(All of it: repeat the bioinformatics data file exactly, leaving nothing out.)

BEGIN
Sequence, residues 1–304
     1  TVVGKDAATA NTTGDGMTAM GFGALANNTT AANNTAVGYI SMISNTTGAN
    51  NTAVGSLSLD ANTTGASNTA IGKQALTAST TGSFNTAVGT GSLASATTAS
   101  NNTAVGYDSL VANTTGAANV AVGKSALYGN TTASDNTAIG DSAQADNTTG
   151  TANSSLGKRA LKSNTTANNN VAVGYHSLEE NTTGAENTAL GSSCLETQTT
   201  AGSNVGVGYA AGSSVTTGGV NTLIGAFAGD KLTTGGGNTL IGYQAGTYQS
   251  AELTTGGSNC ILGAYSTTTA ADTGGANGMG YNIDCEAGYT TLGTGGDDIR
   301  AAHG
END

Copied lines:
Sequence, residues 1–304
     1  TVVGKDAATA NTTGDGMTAM GFGALANNTT AANNTAVGYI SMISNTTGAN
    51  NTAVGSLSLD ANTTGASNTA IGKQALTAST TGSFNTAVGT GSLASATTAS
   101  NNTAVGYDSL VANTTGAANV AVGKSALYGN TTASDNTAIG DSAQADNTTG
   151  TANSSLGKRA LKSNTTANNN VAVGYHSLEE NTTGAENTAL GSSCLETQTT
   201  AGSNVGVGYA AGSSVTTGGV NTLIGAFAGD KLTTGGGNTL IGYQAGTYQS
   251  AELTTGGSNC ILGAYSTTTA ADTGGANGMG YNIDCEAGYT TLGTGGDDIR
   301  AAHG